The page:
# Statics:Find the Tension in a rope holding a boom

• fishturtle1
In summary, the problem involves a boom attached to a frictionless pivot, with a weight of 2450 N and an unknown tension in the guy wire. The boom is not uniform and has a center of gravity at 35.5% of its length from the pivot. The sum of torques equation is used to find the tension, with three forces acting on the boom: its weight, the weight of the box, and the tension in the rope. A mistake was made by using sin instead of cos in the calculation of torques, resulting in an incorrect answer. The correct horizontal distance from the axis of rotation to the line of action of the force must be used in the equation. Reorienting the boom horizontally
fishturtle1

## Homework Statement

The boom in the figure below (Figure 1) weighs 2450 N and is attached to a frictionless pivot at its lower end. It is not uniform; the distance of its center of gravity from the pivot is 35.5 % of its length.
Find the tension of the guy wire.

Στ=0
∑F=0
τ=F*Dsin(θ)

## The Attempt at a Solution

I made a free body diagram where the boom is the object and i drew three forces acting on it.

The three forces acting on the boom are weight of the boom, weight of the box, and the tension in the rope.

I then tried to use the sum of the torques to find tension:

Στ=0=wboomsin(60°)(.355L) + wboxsin(60°)L - T1sin(30°)L

then rearranged

wboomsin(60°)(.335L) + wboxsin(60°)L = T1sin(30°)L

then i canceled out the L variable, and plugged in and simplified and got this:

T1 = 10,167 N => 10200 N.

This is wrong.
I peaked at the yahoo answer and they used cos(θ) instead of sin(θ) which does not make sense to make because then the force calculated would move the boom linearly rather than creating a torque.

Last edited:
fishturtle1 said:

## Homework Statement

The boom in the figure below (Figure 1) weighs 2450 N and is attached to a frictionless pivot at its lower end. It is not uniform; the distance of its center of gravity from the pivot is 35.5 % of its length.

Στ=0
∑F=0
τ=F*Dsin(θ)

## The Attempt at a Solution

I made a free body diagram where the boom is the object and i drew three forces acting on it.

The three forces acting on the boom are weight of the boom, weight of the box, and the tension in the rope.

I then tried to use the sum of the torques to find tension:

Στ=0=wboomsin(60°)(.355L) + wboxsin(60°)L - T1sin(30°)L

then rearranged

wboomsin(60°)(.335L) + wboxsin(60°)L = T1sin(30°)L

then i canceled out the L variable, and plugged in and simplified and got this:

T1 = 10,167 N => 10200 N.

This is wrong.
I peaked at the yahoo answer and they used cos(θ) instead of sin(θ) which does not make sense to make because then the force calculated would move the boom linearly rather than creating a torque.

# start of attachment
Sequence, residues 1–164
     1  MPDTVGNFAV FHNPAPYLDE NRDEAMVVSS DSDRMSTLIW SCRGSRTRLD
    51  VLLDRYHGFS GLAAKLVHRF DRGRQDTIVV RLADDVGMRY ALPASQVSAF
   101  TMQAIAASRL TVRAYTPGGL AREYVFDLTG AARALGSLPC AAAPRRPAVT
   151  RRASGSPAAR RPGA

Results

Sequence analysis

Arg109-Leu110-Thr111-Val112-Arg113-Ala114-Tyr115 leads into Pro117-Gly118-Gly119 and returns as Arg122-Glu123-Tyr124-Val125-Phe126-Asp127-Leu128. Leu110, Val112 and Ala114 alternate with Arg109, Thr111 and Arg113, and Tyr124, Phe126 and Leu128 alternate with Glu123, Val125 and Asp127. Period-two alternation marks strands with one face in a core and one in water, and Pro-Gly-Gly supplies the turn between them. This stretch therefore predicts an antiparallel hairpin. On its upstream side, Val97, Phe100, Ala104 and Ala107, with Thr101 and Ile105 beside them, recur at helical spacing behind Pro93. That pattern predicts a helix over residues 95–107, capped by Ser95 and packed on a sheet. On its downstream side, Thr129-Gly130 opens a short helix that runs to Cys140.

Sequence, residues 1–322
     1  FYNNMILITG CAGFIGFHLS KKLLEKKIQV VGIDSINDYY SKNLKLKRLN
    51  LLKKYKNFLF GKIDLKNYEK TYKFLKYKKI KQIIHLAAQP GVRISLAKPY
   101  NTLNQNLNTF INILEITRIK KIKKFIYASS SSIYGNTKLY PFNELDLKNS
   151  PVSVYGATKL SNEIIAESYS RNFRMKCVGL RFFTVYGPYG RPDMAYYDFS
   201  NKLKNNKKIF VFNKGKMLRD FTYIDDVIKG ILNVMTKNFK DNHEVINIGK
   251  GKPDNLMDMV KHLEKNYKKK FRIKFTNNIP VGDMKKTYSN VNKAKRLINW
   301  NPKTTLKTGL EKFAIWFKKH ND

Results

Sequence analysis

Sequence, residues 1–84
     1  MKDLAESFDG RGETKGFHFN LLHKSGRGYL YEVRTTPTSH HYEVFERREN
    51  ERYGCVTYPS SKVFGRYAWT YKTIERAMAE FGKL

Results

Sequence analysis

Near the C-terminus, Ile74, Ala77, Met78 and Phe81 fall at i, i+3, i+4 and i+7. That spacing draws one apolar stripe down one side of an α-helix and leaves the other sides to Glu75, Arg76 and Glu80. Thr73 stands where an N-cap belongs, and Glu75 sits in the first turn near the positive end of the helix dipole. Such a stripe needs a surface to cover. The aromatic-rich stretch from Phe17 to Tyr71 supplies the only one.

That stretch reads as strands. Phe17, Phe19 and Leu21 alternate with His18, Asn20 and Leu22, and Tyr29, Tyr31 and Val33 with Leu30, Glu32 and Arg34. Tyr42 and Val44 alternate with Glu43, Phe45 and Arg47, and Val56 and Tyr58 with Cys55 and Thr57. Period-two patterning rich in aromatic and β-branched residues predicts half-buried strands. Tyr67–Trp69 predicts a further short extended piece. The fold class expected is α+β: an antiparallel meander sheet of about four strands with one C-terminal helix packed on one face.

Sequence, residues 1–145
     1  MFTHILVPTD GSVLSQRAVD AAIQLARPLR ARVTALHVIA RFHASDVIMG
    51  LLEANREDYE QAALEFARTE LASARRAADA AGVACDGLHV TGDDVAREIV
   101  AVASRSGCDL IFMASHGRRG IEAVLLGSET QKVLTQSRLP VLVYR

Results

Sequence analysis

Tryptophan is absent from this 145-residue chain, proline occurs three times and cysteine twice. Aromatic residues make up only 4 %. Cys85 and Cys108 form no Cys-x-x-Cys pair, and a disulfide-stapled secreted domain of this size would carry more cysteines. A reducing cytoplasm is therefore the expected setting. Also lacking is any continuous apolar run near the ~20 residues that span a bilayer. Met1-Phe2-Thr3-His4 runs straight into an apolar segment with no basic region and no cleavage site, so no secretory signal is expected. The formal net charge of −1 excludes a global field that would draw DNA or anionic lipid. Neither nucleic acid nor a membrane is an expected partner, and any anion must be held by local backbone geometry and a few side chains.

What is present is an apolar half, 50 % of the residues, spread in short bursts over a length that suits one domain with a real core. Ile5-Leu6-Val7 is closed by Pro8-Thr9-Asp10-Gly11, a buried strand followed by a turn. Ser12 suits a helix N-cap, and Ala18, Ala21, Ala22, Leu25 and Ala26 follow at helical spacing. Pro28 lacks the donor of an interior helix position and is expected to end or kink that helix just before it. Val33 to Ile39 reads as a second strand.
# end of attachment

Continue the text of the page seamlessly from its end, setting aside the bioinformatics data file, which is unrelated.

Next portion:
Post the entire problem statement.

fishturtle1 said:
I peaked at the yahoo answer and they used cos(θ) instead of sin(θ) which does not make sense to make because then the force calculated would move the boom linearly rather than creating a torque.
For the torque of a vertical force around the axis you need the horizontal distance from the axis to the line of action of the force.
If L is the hypotenuse and the angle to the horizontal is θ, what is that horizontal distance?

haruspex said:
For the torque of a vertical force around the axis you need the horizontal distance from the axis to the line of action of the force.
If L is the hypotenuse and the angle to the horizontal is θ, what is that horizontal distance?
the horizontal distance would be Lcos(θ), but why are we treating L as a hypotenuse?

In my diagram I reoriented the boom horizontal and then i did sinθ to find the Fy of each force and then calculated the torques that way.

I am confused when you say "you need a horizontal distance from the axis of the line of action of the force"? So does this mean I need to find the distance from the axis of rotation to the line where the force is being applied?

## 1. What is the definition of statics?

Statics is a branch of mechanics that deals with the study of forces and their effects on stationary objects.

## 2. How do you find the tension in a rope holding a boom?

To find the tension in a rope holding a boom, you need to first determine the forces acting on the boom. This can be done by drawing a free-body diagram and identifying all the external forces acting on the boom. Then, using Newton's second law of motion, you can equate the sum of all the forces in the vertical direction to the weight of the boom. This will give you the tension in the rope.

## 3. What is the importance of finding the tension in a rope holding a boom?

Knowing the tension in a rope holding a boom is important for ensuring the stability and safety of the structure. It can also help in determining the strength and durability of the rope and its ability to withstand the weight of the boom.

## 4. What factors affect the tension in a rope holding a boom?

The tension in a rope holding a boom is affected by several factors such as the weight of the boom, the angle at which the rope is pulling, the properties of the rope (e.g. elasticity), and any external forces acting on the boom (e.g. wind).

## 5. Can the tension in a rope holding a boom be negative?

No, the tension in a rope holding a boom cannot be negative. Tension is a force that always acts away from the object it is pulling and therefore can only have a positive value. If the calculated tension is negative, it means that the direction of the force is opposite to what was assumed, and the magnitude should be taken as positive.

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